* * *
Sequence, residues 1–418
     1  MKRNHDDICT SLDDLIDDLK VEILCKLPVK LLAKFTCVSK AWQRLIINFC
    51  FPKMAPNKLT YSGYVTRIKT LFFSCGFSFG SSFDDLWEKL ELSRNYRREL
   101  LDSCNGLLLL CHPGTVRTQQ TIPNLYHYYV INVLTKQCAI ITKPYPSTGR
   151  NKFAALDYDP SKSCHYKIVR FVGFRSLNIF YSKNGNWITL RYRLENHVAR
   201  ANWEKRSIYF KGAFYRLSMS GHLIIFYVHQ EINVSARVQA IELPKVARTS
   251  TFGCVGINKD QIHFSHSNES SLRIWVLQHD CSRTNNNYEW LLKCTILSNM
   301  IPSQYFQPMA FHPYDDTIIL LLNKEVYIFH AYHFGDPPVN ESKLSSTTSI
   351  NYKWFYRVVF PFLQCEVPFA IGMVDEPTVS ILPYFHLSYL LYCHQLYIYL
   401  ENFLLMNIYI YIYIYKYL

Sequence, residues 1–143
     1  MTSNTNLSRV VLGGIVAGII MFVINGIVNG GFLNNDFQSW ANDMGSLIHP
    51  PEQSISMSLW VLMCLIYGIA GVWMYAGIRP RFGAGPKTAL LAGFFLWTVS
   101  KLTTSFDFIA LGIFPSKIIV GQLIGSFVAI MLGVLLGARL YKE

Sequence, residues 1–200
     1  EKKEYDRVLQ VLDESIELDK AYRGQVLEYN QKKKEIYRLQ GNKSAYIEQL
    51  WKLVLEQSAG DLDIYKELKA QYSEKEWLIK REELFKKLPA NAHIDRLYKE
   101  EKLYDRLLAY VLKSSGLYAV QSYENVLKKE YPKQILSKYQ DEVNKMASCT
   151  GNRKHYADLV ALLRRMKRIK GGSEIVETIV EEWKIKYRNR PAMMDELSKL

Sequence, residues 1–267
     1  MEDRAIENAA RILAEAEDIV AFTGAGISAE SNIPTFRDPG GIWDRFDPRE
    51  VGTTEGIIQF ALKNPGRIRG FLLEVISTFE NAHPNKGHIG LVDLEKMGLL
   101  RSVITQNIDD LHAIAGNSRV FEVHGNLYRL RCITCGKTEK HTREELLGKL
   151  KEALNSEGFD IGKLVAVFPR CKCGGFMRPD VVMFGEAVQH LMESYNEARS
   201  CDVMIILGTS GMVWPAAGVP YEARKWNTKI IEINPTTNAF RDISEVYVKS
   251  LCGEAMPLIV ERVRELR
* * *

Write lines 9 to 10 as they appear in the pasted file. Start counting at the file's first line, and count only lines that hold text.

   351  NYKWFYRVVF PFLQCEVPFA IGMVDEPTVS ILPYFHLSYL LYCHQLYIYL
   401  ENFLLMNIYI YIYIYKYL